I await the next phone call…

UPDATE 26th January 2009

I was asked to email the windows support team with all the details. I got an email back saying they had contacted the customer of the other database and asked them to fix the security on their database. I can no longer see the other database.

Panic over and not a real problem for me but it leaves me with two questions:

  1. Should the hosting provider’s system let the customer open up the security of the database.
  2. How serious did the hosting provider take my concern.

The provider was eukhost.

Written by Richard on January 19th, 2010

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Bye bye Zimbra   no comments

Posted at 2:45 pm in Mail Servers
zimbra Bye bye Zimbra

Zimbra Logo

Today marks the end of Zimbra as a technology I use.

I am migrating my last customer from the Zimbra platform to a simple solution using Horde.

Back in 2007 when I discovered Zimbra it was exciting that we could have a feature rich web-based email service that was also open source. We installed it on a dedicated server and tried to use it. We stopped trying to sell a commercial service based on Zimbra after multiple problems, some of which are:

  • Slow, very slow
  • Modules stopped frequently and need manually restarting
  • Configuration was painful
  • Administration inteerface didn’t work on Firefox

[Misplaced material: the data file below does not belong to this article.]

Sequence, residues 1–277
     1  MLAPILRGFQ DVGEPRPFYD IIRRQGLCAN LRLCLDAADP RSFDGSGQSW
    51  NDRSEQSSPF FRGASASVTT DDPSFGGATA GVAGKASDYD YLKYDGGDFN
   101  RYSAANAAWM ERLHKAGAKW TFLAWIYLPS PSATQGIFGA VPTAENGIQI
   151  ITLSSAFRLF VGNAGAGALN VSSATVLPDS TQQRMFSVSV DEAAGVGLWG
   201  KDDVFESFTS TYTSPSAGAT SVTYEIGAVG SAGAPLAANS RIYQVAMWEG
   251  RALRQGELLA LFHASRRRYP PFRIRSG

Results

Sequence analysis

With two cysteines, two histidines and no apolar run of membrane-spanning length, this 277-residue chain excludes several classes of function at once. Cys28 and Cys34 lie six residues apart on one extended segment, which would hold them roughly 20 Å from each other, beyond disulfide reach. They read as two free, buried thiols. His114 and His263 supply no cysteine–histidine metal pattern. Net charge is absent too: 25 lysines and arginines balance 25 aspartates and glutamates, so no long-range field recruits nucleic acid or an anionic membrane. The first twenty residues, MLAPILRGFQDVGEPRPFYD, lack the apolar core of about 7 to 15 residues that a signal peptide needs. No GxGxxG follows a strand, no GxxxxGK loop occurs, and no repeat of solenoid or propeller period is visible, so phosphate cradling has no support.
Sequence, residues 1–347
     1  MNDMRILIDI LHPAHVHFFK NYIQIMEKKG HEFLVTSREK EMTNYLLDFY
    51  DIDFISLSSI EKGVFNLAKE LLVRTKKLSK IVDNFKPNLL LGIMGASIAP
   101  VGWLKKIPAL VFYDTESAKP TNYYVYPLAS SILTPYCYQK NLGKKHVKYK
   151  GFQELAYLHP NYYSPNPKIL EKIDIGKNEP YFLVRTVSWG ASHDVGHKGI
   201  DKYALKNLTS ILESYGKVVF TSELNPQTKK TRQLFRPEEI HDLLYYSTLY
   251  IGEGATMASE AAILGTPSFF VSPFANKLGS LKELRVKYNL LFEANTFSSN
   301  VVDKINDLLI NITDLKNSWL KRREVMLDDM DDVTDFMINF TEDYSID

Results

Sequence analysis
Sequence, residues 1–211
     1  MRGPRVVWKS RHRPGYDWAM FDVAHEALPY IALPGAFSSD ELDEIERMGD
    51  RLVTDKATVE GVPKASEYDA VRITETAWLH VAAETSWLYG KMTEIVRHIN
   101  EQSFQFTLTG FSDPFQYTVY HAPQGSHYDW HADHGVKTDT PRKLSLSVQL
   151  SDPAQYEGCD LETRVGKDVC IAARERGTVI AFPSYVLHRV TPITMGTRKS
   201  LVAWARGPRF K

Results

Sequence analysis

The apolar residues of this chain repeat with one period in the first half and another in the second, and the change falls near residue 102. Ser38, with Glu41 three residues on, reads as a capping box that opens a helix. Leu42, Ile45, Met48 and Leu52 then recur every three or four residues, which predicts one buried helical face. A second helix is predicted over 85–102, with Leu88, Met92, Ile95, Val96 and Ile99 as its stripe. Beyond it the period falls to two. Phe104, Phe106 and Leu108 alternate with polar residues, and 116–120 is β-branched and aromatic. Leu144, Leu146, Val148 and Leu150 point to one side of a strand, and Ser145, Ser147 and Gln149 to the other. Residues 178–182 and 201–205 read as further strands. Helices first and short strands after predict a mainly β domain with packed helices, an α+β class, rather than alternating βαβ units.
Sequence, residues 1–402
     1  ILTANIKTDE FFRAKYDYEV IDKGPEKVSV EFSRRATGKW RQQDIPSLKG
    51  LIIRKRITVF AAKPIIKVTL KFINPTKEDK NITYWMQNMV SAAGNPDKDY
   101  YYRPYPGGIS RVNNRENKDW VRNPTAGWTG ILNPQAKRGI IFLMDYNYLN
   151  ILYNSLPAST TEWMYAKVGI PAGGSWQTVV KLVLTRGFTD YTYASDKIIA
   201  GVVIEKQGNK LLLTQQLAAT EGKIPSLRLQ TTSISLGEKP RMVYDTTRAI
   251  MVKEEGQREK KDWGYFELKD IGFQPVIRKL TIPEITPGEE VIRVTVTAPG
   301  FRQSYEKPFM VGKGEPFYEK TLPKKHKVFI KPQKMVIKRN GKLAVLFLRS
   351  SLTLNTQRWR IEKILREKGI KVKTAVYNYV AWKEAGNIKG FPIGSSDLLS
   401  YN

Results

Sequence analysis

It got a point where we didn’t dare touch anything to do with Zimbra in case it stopped working.

As of 12th January 2010 VMWare has purchased Zimbra from Yahoo. Maybe they can do something more with it, but I won’t be touching it again.

Written by Richard on January 18th, 2010

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New blog and new OS   no comments

Posted at 3:38 pm in Operating Systems,Ubuntu
Qref Ubuntu Logo 296x300 New blog and new OS

Ubuntu logo - let's work together

This is my new blog so I need to add a ‘first post’.

I thought I’d mention the fact that I’ve recently upgraded to Ubuntu 9.10 64 bit from Windows Vista. Will this get me into more trouble than if I shelled out the £100+ to upgrade to Windows 7. I personally refuse to pay it when the version of Windows I had was so unfit for purpose, I should have got a free upgrade with my laptop being less than 12 months old. So I’ve made the leap…

So far I’ve managed to get wireless networking, ATI graphics drivers, bluetooth, sound and web cam working. I am struggling to get Skype and SQLYog to work but I think it’s due to using the 64 bit version rather than the better supported 32 bit version. I think they both use WINE but that doesn’t seem to want to work.

Anyway, I’m already seeing an increase in productivity not having to wait while my operating system says, ‘wait a minute I’m just doing something else’. Ubuntu just does things when I ask it to. Of course Firefox takes a while to load but it did that on Vista.

I’ll see what the next few months of hammer do to Ubuntu, since most systems run pretty well after the first few days.

Written by Richard on January 12th, 2010